Every day, somewhere on this planet, teams are forming, norming, storming, and performing according to an entirely new playbook. All for the sake of freeing people from the economic and human wastelands of command-and control management. And for the sake of freeing them to enjoy their work and expand their individual and collective creativity.
The pages of this new playbook are being written by change facilitators—people who initiate, observe, reflect on, and describe new and liberating ways of organizing work. People like you, like all of us. (Whenever we act on a tension between our work in the here-and-now, and how it could be, we become change facilitators). These pages are being written so they can be shared beyond a particular workplace, so they can sail on a fresh wind and impact people in workplaces around the globe.
This is already happening thanks to you enliveners, authors, and readers of Enlivening Edge Magazine. Let this current cycle of the Magazine become a powerful instrument in your hands and on your tongue, even as you continue to shape the future of work.
Nowadays, any conversation about the future of work must be situated in a global context, with so many things to consider: a galloping complexity, an urgency spurred by technological changes, our instant access to a plethora of knowledge on just about anything, and the burgeoning variety of media.
No wonder that cyberspace is buzzing with conversations about complexity. In this magazine cycle you’ll glean insights from conversations on Facebook, Medium, and Future Considerations.
And what of the future? Well, the best way for an organization to predict the future is to co-create it (to riff on Erich Fromm). That is the deeper intention or purpose of “The Future of Work” Participatory Action Research project co-sponsored by Enlivening Edge and the Centre for Future Thinking at Hawkwood College.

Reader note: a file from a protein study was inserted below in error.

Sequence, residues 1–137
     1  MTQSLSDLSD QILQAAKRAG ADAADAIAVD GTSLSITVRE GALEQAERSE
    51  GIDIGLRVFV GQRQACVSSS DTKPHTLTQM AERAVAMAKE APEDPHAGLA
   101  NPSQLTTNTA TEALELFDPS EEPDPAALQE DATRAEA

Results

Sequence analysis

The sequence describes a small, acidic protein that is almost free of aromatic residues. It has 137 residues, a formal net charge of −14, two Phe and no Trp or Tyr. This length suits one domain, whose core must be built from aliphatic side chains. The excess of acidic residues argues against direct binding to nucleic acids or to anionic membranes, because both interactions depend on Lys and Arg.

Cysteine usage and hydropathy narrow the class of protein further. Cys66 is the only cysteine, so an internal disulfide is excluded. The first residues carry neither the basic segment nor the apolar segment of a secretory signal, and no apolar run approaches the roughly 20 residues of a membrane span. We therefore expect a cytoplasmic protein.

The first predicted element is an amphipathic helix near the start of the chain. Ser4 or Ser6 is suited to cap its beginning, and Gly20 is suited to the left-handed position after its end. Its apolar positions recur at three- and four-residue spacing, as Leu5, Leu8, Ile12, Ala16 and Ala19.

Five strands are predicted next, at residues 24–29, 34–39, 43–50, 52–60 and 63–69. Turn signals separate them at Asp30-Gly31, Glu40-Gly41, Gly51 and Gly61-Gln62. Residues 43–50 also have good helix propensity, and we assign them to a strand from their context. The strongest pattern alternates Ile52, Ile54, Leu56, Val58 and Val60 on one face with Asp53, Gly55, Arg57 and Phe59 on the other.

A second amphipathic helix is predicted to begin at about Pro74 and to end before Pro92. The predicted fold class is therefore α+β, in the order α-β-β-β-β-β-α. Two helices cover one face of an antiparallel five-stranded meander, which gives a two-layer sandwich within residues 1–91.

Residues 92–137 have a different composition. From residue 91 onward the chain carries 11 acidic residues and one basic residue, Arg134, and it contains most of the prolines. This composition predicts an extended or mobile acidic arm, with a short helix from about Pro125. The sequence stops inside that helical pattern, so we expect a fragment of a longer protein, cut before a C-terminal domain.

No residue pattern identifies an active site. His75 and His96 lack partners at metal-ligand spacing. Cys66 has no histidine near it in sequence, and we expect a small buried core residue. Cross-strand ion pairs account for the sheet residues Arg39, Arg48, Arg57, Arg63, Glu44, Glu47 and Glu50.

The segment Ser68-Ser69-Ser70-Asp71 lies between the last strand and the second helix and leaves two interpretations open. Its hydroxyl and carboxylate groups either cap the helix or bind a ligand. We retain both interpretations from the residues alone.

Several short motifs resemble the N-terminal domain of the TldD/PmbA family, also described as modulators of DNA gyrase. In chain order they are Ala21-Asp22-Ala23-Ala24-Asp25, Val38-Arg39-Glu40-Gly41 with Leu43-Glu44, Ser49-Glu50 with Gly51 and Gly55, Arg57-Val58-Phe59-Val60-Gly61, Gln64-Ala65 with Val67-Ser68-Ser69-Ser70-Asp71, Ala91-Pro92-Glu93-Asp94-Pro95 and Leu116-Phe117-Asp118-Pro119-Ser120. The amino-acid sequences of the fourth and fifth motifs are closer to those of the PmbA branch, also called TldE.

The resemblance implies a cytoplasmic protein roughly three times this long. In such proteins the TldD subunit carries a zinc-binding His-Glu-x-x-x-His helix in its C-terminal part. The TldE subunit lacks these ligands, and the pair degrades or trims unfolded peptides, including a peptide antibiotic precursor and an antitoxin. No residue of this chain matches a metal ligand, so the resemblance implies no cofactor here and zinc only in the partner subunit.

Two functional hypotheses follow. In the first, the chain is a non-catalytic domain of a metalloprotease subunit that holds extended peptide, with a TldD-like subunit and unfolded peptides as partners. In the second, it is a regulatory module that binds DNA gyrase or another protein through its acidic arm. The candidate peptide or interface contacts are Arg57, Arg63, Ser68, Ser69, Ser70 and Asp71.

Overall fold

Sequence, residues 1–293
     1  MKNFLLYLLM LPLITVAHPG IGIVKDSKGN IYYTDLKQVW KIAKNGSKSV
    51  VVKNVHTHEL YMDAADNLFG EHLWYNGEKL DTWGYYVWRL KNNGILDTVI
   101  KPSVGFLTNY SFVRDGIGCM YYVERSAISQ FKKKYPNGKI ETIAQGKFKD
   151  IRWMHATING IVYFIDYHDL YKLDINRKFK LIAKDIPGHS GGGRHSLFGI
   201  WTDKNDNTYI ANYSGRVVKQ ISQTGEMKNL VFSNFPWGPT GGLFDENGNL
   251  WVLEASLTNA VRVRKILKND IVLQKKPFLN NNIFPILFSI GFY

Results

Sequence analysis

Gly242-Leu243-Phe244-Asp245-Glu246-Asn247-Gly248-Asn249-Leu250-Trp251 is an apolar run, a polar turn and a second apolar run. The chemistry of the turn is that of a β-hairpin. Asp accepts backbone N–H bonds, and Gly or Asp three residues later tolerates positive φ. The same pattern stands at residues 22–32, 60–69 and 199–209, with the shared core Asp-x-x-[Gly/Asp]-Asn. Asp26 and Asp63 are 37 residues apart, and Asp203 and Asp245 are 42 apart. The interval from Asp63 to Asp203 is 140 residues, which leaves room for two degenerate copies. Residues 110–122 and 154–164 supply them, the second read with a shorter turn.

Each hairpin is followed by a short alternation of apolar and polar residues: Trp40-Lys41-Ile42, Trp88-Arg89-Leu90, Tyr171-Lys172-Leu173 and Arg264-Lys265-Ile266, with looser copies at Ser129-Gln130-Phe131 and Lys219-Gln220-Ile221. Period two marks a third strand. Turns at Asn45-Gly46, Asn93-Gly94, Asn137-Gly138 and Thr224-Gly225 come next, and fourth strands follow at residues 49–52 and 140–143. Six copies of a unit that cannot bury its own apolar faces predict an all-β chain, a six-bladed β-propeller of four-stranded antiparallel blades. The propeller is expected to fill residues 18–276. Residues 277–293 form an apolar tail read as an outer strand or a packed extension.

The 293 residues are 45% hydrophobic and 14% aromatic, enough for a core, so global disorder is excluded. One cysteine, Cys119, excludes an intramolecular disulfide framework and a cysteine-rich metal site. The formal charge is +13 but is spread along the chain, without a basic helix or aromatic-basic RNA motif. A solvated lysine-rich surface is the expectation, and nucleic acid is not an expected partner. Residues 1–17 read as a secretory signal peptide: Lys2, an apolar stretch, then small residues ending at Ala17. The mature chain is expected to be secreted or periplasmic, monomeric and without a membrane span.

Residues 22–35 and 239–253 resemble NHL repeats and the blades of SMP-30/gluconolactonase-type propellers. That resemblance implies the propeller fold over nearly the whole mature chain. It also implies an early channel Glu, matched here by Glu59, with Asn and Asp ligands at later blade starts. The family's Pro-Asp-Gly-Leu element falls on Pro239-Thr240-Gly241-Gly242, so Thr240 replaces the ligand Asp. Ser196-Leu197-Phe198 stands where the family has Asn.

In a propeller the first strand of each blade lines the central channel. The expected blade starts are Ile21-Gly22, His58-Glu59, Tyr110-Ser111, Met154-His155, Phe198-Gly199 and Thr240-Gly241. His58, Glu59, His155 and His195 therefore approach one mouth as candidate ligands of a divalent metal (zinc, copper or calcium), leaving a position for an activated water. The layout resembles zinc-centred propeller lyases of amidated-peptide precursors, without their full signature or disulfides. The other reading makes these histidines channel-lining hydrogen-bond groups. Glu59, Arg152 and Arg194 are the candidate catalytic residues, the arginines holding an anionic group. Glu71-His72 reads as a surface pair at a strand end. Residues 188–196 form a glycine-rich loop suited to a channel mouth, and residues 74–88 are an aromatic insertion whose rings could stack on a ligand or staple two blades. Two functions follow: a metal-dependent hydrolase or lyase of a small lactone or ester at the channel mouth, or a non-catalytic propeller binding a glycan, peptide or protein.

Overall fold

While it seems that evolution is happening to us, it is also emerging through our purposeful actions. This realization gives rise to the question: how can organizations discover their evolutionary purpose? Read what Frederic Laloux has to say about this question, and how Spring Cheng comes at it from a feminine perspective.
In this magazine cycle, we continue to illuminate various strands in the broader fabric of organizational innovation and reinvention. I invite you to look up the “7 more movements” article and the interview I gave at the Integral European Conference, last year.
Yet another strand is being woven by the Next-Stage World community: an upcoming gathering of organization reinventors (co-sponsored by Enlivening Edge) will be held April 24-28, on the Greek island of Rhodes.
Self-management, supported by Holacracy, is a particularly strong strand in this fabric—and it has almost as many doubters as defenders. While Holacracy provided the self-management movement with a consistent rule set that 1,000+ organizations are now using around the world, it didn’t invent self-management. Neither did Ricardo Semler, but he was one of the earliest pioneering entrepreneurs practicing it. His conversation with Tony Hsieh is full of practical wisdom.
In telling you about the menu brought to you by EE Magazine this time, I have left a delicious dessert for the end. It is Commas to Cosmos, where Edith Friesen interviews Lia Aurami about her journey to and with Enlivening Edge. Reading the exchange between those two wise women on our team may give you some insights about the story behind EE—a story that keeps unfolding, not only in front of your eyes, but, we hope, with your active participation.
You can read the entire March 2017 Magazine Highlights here. Please note that our magazine is reader-supported and if you like our work, we ask that you do your part through donation and through passing links for articles to your friends and colleagues. They will probably thank you for sharing a few pages from this new playbook.
We deeply appreciate your comments related to those articles, or anything that you wish to share with us.